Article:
Carfilzomib, lenalidomide and dexamethasone in newly diagnosed multiple myeloma

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Published: 9 Dec 2019
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Prof Ola Landgren - Memorial Sloan Kettering Cancer Center, New York City, USA

Prof Ola Landgren speaks to ecancer at the 2019 ASH meeting in Orlando about the efficacy and safety of carfilzomib, lenalidomide and dexamethasone (KRd) in newly diagnosed multiple myeloma (NDMM) patients.

He explains that the study was a pool analysis, merging 4 single-arm studies. He adds that they were able to compare results between the transplant and non-transplant settings.

Prof Landgren concludes that KRd is an effective and tolerable treatment option for NDMM patients in both settings.

ecancer's filming has been kindly supported by Amgen through the ecancer Global Foundation. ecancer is editorially independent and there is no influence over content.

Carfilzomib, lenalidomide and dexamethasone in newly diagnosed multiple myeloma

Prof Ola Landgren - Memorial Sloan Kettering Cancer Center, New York City, USA

We have participated in a pooled analysis with several other groups that have treated patients that are newly diagnosed with multiple myeloma treated with the combination of carfilzomib, lenalidomide and dexamethasone, also referred to as KRD. In this pooled analysis merging four studies together has given us larger numbers. We have also been able to compare the outcome of patients who underwent bone marrow transplantation versus patients who did not undergo bone marrow transplantation after this combination therapy.

The high point of this presentation is that the KRD regimen delivers very high responses. The overall response rate is close to 100% for patients independent of transplantation or not. Specifically, if you look at the complete response rates patients who were treated with carfilzomib, lenalidomide and dexamethasone alone the complete response rate in this pooled analysis is more than 70%. If you add the transplantation it’s around 80%.

Looking at long-term clinical outcomes the study shows that the progression free survival is about the same. Certainly there are restrictions for the purpose of progression free survival interpretations with regards to how long patients were followed on each of these four different datasets. But with the current follow-up time the progression free survival looks very similar. That’s also true if you look at a time-point when the data is mature for overall survival.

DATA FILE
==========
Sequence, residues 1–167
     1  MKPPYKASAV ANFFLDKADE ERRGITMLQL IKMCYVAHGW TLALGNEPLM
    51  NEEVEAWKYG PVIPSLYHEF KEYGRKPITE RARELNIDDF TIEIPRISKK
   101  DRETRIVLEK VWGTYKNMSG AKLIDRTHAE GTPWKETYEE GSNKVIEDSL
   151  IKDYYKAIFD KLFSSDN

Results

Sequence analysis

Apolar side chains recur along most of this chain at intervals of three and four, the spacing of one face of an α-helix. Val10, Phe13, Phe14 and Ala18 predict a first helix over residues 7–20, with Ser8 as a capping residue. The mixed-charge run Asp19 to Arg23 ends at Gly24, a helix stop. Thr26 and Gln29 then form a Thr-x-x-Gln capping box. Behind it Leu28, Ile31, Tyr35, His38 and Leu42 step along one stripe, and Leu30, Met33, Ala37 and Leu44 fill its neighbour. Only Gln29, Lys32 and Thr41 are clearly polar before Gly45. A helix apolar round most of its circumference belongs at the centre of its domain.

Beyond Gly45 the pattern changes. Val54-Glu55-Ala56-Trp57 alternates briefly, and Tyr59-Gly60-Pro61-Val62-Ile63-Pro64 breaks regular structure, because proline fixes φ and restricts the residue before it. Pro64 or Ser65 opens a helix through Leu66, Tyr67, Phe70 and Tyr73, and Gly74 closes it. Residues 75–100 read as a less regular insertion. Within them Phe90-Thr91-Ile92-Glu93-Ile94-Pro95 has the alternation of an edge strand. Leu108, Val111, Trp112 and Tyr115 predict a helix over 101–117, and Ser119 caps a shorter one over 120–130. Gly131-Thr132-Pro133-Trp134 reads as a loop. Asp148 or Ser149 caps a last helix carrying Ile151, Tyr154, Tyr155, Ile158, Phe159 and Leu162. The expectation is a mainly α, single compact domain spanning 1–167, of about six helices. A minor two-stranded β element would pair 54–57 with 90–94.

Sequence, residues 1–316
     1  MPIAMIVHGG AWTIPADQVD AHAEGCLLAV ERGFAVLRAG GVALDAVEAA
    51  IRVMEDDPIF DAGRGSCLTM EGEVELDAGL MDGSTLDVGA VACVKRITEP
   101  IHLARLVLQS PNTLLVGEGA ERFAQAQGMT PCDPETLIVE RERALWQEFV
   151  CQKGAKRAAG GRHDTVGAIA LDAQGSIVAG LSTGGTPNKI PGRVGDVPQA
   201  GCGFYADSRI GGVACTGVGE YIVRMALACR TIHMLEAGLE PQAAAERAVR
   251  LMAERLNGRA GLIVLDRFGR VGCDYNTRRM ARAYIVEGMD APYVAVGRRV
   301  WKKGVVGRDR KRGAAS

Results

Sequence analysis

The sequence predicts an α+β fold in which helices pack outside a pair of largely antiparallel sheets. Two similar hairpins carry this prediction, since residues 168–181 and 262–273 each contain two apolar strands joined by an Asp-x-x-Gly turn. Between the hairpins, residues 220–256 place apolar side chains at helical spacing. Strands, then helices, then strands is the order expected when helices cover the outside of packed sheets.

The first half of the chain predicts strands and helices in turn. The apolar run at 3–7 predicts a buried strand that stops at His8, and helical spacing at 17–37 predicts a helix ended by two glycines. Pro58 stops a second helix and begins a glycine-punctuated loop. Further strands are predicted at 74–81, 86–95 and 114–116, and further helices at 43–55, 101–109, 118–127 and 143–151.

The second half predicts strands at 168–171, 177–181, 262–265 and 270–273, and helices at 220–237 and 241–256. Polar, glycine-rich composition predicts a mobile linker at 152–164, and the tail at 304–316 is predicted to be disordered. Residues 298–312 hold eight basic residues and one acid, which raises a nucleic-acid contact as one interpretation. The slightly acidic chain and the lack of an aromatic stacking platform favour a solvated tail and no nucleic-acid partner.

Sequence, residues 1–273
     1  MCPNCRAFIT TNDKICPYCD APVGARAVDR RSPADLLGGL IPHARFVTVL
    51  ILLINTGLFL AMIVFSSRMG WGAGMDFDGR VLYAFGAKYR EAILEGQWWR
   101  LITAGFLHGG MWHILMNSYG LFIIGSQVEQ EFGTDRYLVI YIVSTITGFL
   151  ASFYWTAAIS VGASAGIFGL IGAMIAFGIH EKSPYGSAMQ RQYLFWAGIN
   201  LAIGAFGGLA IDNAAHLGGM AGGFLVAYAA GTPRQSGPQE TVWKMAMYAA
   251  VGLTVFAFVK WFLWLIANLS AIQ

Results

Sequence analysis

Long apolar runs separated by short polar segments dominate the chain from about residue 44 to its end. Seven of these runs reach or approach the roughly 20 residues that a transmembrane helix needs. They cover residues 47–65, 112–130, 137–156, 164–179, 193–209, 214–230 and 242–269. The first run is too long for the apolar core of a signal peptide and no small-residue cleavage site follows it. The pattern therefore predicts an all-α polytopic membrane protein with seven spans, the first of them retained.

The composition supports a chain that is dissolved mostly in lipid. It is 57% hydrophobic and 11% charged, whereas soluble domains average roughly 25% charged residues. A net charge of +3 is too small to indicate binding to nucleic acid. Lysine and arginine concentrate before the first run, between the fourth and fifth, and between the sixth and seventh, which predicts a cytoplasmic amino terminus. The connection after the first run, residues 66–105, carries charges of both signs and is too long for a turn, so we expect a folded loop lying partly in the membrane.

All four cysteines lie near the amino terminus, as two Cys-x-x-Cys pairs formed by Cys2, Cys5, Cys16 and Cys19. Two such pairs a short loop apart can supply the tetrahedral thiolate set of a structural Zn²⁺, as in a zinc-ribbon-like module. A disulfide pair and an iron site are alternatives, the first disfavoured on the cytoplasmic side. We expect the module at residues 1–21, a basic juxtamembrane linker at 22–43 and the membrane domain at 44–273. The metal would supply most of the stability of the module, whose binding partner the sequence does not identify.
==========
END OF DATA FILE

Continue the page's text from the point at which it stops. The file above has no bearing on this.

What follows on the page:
When it comes to safety the KRD regimen is found to be very safe, very consistent with what we have seen previously. So in the current absence of a randomised phase III trial using KRD I think it’s quite reassuring to see that the pooling of four large efforts continues to build strong evidence that this is a very effective and safe regimen for newly diagnosed patients.

The KRD regimen is already listed as a standard of care treatment for patients with multiple myeloma in the United States. The National Comprehensive Cancer Center Network, or NCCN, guideline stipulates which therapies are recommended and therefore also reimbursed. The two main regimens that are listed in this guideline are the VRD and the KRD regimens. Until very recently both these two regimens were based on phase II studies. In 2017 the first randomised study comparing VRD to RD was published. So therefore the category 2a, which is what you get if you have a phase II study, was increased to a category 1 for the VRD regimen. The VRD regimen was initially put in this guideline back in 2009 so it took many years for it to be upgraded from 2a to 1 but both category 1 and 2a are recommended and reimbursed.